Monday, April 25, 2016

NPM Celebrations - World Penguin Day

April 25th is World Penguin Day, a day in which we celebrate the 18 known species of penguin and focus on their conservation. It is celebrated on this day because the annual northward migration of penguins is usually on or around April 25th. Penguins only live in regions south of the Equator, in areas ranging from the cold continent of Antarctica to the warm lands of the Galápagos Islands. Today's selections celebrate this popular flightless bird.

An Old Shell: Poems of the Galapagos (1999), written by Tony Johnston and illustrated by Tom Pohrt, is a collection of 34 poems (most written in free verse, though a few are written in haiku) in which Johnston pays tribute to the wonder that is the Galapagos. The book opens with a two-page map of the islands. The poem topics include the sea, the islands, animals, plants, and more. 

Galápagos Penguins

The penguins are swimming
See how the water
     holds them
in its cool green
how it lifts them
light as kelp
lets them splash
     and reel
          and roll
over its bright
Oh, see how the water
     loves them!

Poem ©Tony Johnston, 1999. All rights reserved.

Eric Carle's Animals, Animal (1989), compiled by Laura Whipple and illustrated by Eric Carle, is a collection of 62 poems about more than 70 different kinds of animals, from ant to yak. These poems come from authors and poets as varied as Emily Dickinson, Edward Lear, Eve Merriam, Rudyard Kipling, Benjamin Franklin, Lewis Carroll, Karla Kuskin, Judith Viorst, and many, many others. The poems are accompanied by brightly colored, exuberant illustrations by Eric Carle. It concludes with an index of animals arranged alphabetically, as well as an index of first lines.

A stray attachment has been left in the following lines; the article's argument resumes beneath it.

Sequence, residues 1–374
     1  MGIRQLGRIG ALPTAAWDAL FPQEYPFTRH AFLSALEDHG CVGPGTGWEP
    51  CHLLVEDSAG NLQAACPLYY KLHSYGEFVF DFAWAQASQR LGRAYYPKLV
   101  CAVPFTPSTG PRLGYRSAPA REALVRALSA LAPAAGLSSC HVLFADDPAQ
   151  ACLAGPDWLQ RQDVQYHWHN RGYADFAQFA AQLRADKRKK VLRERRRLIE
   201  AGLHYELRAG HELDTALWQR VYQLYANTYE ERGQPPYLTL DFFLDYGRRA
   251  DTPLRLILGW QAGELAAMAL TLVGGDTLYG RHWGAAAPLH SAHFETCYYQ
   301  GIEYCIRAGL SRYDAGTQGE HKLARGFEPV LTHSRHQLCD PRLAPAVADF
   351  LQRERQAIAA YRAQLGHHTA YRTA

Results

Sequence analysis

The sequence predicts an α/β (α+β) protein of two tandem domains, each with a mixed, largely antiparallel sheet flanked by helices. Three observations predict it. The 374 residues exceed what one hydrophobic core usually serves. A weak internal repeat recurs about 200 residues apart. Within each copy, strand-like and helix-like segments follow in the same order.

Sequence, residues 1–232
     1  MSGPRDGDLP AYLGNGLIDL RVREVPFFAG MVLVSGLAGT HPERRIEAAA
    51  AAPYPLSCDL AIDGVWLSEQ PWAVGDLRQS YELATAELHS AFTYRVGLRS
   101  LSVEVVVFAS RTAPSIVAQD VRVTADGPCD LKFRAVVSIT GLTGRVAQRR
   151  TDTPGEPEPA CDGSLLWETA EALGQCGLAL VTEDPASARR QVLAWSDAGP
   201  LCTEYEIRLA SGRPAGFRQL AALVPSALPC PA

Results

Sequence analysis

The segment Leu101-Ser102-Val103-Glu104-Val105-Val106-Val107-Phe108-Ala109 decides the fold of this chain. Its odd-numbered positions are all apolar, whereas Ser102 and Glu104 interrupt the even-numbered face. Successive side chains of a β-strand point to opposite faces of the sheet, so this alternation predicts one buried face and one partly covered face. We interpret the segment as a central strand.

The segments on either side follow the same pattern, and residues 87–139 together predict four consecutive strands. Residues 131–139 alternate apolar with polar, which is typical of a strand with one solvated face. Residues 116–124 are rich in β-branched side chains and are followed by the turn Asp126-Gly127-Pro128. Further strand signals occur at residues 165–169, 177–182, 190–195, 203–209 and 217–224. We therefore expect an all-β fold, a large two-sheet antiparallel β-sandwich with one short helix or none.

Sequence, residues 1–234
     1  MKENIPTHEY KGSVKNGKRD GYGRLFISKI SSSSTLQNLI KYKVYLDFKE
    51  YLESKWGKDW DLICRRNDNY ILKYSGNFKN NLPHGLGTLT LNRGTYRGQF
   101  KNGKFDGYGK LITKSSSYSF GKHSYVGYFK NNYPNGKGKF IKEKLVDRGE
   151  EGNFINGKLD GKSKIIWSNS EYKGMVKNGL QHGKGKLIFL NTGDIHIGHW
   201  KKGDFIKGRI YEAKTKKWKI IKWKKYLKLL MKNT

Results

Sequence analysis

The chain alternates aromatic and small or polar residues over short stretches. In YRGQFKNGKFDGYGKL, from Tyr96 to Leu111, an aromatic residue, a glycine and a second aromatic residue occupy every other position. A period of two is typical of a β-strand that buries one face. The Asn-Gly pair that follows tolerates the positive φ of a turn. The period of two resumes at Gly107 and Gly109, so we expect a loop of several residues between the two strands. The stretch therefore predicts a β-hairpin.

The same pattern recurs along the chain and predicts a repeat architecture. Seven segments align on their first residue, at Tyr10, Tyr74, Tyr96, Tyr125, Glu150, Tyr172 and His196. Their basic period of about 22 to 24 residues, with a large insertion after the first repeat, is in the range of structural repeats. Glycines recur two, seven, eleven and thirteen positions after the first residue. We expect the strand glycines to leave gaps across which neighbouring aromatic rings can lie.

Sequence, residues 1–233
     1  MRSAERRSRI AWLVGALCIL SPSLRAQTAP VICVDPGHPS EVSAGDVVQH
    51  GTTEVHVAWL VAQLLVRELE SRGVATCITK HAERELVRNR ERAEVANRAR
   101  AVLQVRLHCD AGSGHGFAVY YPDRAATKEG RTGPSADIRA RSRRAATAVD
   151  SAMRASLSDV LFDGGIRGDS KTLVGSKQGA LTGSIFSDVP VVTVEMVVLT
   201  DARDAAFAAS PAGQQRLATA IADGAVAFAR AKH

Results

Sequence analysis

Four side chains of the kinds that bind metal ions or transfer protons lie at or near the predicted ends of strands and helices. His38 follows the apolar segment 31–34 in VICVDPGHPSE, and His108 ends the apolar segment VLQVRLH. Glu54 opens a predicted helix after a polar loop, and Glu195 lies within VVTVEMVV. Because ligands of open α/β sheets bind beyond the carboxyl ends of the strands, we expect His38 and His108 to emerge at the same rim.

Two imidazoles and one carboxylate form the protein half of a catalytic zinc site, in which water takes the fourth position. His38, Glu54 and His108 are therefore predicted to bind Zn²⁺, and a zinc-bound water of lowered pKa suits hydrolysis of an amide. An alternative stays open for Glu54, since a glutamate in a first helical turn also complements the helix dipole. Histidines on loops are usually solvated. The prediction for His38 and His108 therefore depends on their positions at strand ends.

Enigma Sartorial
by Lucy W. Rhu

Consider the penguin
He's smart as can be—
Dressed in his dinner clothes
You can never tell
When you see him about,
If he's just coming in
Or just going out!

Poem ©Lucy W. Rhu. All rights reserved.

Animal Poems (2007), written by Valerie Worth and illustrated by Steve Jenkins, is a posthumously published collection of 23 poems that highlight Worth's keen sense of observation. Animals range from small to large and simple to complex. You will find poems about jellyfish, cockroaches, kangaroos, elephants, minnows, and more. They are all accompanied by Jenkins' amazingly beautiful cut- and torn-paper collages.

by Valerie Worth

Where the only
Land is ice, loose
Crystals worked
To white diamond
By ridge heaped
Upon crevasse, or
Carved into looming
Emerald veins, or
Pressed past sapphire
To the shuddering cobalt
Gloom of the berg's
Abysmal bone,

The penguin swims
At home, or frolics
Over the treacherous
Floe: or amidst
Those fearful frozen
Smolderings, settles
To its nest of
Snow: cheerful
As a house cat
Toasting its haunches
On the hearth's
Warm stones.

Poem ©Valerie Worth. All rights reserved.

Animal Sense (2003), written by Diane Ackerman and illustrated by Peter Sís, explores the ways that animals navigate the world using their senses. The poems are funny and clever and occasionally include made-up words. Organized into sections for touch, hearing, vision, smell, and taste, three different animals are highlighted in each. Here's the first poem from the section on touch.

Penguin babies,
on the other hand (or wing),
will cozy up to almost anything
summery and snug—
preferring Mom's tummy,
but a human hand or rug
also feels yummy.